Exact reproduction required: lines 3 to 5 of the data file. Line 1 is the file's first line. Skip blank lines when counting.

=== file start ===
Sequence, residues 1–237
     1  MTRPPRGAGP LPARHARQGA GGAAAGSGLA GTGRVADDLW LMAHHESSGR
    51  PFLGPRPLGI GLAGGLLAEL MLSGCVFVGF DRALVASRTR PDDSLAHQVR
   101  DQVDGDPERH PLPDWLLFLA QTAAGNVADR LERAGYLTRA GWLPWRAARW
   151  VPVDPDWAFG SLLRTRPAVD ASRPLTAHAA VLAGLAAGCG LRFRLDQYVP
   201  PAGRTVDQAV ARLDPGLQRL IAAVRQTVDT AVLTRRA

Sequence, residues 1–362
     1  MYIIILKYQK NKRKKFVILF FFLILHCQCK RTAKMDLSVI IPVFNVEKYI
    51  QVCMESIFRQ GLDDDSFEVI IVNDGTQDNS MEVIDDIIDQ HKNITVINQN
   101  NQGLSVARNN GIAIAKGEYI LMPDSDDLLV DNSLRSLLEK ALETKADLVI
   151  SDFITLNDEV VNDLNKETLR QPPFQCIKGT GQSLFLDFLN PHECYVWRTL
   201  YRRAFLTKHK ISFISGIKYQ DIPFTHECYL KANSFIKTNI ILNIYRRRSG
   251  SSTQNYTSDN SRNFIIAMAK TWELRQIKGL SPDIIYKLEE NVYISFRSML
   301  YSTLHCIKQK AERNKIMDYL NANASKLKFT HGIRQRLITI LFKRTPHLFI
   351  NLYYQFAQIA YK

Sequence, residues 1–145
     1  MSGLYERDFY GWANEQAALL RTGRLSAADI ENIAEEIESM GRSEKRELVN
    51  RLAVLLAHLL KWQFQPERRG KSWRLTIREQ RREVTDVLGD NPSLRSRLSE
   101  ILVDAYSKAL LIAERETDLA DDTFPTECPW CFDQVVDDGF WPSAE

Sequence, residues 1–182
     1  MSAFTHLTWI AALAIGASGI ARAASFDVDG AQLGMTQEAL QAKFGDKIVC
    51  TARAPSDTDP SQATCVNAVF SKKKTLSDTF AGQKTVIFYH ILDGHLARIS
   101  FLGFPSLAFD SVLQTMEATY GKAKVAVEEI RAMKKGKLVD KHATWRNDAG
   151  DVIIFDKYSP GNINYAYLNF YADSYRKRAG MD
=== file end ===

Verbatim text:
    51  PFLGPRPLGI GLAGGLLAEL MLSGCVFVGF DRALVASRTR PDDSLAHQVR
   101  DQVDGDPERH PLPDWLLFLA QTAAGNVADR LERAGYLTRA GWLPWRAARW
   151  VPVDPDWAFG SLLRTRPAVD ASRPLTAHAA VLAGLAAGCG LRFRLDQYVP